Ruto’s Hustler Jet: Ksh100 million of public money is likely to be wasted on a personal quest to marshal the African Union to support Uhuru and Ruto’s ICC woes. Publicly, they lied to Kenyans that it was a move towards Panafricanism. How come Ruto has not sued the Daily Nation newspaper if their jet report was false?
Renovating Ruto’s official residence: Ksh100 million will be used to fit his taste, yet the house was officially opened by Kibaki last year having cost taxpayers Ksh400 million. It means that future deputy presidents will use public money to renovate it to their liking.
Teachers’ strike: The strike has just ended after 24 days. Government had recommended legal action against William Sossion, chairman of the Kenya National Union of Teachers (KNUT) for contempt of court. The teachers wanted Legal Notice No. 534 of 1997 to be implemented in full, yet a court order wants the strike ended. The incompetent Kazungu Kambi claimed the 1997 agreement was invalid, yet it had been gazetted. While the laptop program is new, the teachers’ grievances dogged Kibaki’s regime for 10 years and Uhuru expected it. Any sensible government would pay teachers well in order to improve the quality of education. However, Jubilee politicians don’t see this or even improving delapidated school buildings as priorities.
Ruto-Muteshi land saga: Recently, the ‘reformed Judiciary’ ordered Ruto to pay Ksh5 million as compensation to Muteshi, an IDP, for illegally possessing his 100 acre piece of land in Rift Valley. That’s Kenya’s deputy president.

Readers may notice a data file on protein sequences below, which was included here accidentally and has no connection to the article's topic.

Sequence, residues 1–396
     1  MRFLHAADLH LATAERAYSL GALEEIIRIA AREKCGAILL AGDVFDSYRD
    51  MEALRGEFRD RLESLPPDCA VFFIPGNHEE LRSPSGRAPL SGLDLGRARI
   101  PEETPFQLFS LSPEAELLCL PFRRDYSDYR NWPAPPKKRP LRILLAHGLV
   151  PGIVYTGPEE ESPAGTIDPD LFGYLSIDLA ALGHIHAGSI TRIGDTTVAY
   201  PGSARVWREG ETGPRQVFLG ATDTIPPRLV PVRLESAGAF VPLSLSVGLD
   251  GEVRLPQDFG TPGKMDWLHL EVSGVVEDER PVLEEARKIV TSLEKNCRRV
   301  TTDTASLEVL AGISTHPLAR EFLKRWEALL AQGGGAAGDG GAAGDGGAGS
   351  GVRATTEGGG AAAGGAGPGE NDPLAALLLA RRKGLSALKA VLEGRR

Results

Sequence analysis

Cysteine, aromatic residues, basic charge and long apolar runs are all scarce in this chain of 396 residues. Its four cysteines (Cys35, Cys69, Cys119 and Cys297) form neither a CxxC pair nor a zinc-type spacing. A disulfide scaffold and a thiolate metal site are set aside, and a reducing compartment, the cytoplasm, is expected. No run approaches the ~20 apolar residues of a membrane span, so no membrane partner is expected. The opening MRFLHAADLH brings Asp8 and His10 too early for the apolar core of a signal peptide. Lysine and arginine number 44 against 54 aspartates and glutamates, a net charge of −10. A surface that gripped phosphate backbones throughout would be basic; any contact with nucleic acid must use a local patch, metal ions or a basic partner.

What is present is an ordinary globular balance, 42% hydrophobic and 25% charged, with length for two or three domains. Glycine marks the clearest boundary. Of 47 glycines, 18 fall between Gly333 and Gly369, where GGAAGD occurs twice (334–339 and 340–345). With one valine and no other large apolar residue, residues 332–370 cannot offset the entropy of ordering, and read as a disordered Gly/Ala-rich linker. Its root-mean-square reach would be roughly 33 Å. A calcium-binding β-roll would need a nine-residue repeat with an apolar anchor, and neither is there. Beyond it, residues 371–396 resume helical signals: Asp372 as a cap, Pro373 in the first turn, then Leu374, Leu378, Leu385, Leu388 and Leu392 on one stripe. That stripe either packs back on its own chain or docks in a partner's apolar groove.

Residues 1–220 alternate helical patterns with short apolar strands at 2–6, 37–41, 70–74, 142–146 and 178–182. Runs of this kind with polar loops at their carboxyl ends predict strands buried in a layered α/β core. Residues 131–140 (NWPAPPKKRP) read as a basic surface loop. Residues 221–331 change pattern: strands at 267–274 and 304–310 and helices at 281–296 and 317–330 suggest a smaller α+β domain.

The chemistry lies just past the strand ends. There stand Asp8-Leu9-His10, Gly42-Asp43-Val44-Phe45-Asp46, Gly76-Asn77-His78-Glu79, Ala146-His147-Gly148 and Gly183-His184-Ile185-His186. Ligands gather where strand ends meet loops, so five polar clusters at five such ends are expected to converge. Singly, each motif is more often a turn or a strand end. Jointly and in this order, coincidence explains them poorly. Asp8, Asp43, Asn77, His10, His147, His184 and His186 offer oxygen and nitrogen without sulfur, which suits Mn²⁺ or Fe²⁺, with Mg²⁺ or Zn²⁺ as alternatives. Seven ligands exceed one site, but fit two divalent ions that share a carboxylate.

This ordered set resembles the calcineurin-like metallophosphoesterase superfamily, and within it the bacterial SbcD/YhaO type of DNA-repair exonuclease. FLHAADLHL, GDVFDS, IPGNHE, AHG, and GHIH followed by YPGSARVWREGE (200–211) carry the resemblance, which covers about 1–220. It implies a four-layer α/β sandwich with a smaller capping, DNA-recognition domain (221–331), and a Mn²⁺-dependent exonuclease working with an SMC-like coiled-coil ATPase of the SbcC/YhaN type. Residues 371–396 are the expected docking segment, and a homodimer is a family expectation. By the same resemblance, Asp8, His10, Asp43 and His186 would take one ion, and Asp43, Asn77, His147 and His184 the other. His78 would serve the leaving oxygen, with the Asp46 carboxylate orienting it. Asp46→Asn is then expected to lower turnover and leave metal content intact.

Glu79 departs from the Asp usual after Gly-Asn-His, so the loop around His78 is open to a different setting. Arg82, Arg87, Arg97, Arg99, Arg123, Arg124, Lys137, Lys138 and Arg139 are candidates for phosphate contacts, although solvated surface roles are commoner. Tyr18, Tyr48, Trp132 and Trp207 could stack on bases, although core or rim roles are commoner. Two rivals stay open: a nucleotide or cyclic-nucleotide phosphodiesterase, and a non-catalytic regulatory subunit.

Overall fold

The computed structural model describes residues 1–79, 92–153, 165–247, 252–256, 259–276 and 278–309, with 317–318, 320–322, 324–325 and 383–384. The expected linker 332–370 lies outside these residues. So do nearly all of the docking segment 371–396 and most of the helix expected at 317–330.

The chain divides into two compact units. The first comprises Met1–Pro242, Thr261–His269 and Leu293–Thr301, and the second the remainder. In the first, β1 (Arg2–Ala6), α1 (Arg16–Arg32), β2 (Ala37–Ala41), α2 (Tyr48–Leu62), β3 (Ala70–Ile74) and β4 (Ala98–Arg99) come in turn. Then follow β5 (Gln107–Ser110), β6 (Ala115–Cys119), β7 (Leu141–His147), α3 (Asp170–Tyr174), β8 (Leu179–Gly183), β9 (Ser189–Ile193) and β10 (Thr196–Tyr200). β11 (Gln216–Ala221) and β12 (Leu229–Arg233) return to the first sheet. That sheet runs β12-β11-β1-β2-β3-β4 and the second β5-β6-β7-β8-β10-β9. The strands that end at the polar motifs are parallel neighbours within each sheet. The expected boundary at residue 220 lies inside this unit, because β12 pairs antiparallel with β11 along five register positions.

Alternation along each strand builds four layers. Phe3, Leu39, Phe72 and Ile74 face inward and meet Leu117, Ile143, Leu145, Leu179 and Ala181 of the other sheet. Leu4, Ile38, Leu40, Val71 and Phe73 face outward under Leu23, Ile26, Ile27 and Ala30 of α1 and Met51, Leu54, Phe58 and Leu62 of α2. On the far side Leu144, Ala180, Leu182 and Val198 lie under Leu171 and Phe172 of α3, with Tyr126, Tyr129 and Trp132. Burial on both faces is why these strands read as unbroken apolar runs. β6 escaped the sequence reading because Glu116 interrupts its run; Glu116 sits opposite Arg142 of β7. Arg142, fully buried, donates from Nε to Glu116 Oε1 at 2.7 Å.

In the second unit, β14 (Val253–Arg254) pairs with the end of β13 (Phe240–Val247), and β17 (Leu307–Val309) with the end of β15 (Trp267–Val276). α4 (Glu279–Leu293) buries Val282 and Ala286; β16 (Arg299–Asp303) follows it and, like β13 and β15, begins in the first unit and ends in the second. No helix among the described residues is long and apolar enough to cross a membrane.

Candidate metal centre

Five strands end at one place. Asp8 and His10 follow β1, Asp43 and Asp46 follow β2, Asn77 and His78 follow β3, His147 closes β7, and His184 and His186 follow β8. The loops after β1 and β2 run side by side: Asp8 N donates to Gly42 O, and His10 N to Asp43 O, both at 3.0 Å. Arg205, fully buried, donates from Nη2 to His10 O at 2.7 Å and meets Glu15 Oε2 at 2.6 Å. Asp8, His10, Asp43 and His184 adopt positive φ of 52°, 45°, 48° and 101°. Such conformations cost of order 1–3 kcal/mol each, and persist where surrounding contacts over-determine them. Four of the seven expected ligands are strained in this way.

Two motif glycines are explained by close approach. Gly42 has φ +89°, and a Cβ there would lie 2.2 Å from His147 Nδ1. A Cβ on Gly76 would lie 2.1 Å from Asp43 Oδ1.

Luxury cars by Cabinet secretaries: To curb rampant wastage in Government expenditue, as then-Finance minister in 2010, Uhuru announced a new transport policy banning the use of fuel guzzlers by Cabinet ministes and top government officials. However, as president, his new team of Cabinet secretaries and members of constitutional commissions bought fuel guzzlers and expensive Mercerdes Benz limousines at the end of the 2012/13 financial year.
The Jubilee leadership seems to ignore certain provisions in the Constitution and policies, then falls back on its numbers in Parliament for protection, while Kenyans suffer uniformly, regardless of their political leanings. Uhuru cautions against wastage yet MPigs and other top officials defy him and misuse cash. Last year, former Mpigs got 350 chairs worth Ksh400 000 ($3000 or £1 900) each, for use in the newly renovated Parliamnet. Currently, the new Mpigs are planning a trip to China to window-shop for chairs to fit into their County Hall offices. On July 13, 2013 The Saturday Nation reported that: “A return ticket to Beijing costs Sh85,000 ($985) while a hotel room goes for between Sh26,000 ($300) and Sh43,000 ($500). If they decide to fly to Shanghai, the air ticket price rises to Sh91,000 ($1,056). The PSC is a nine-member commission that oversees the welfare of MPs, Senators and staff of the two houses. MPs are paid about Sh78,000 ($920) as allowances per day while touring Asian cities, including Beijing, Dubai and Singapore according to the current parliamentary travel rate card.”
Lastly, the ICC trials in The Hague, which are personal matters for Uhuru and Ruto, will definitely be paid from Government money under the guise of ‘official foreign trips’. Anyway, it is their time to eat.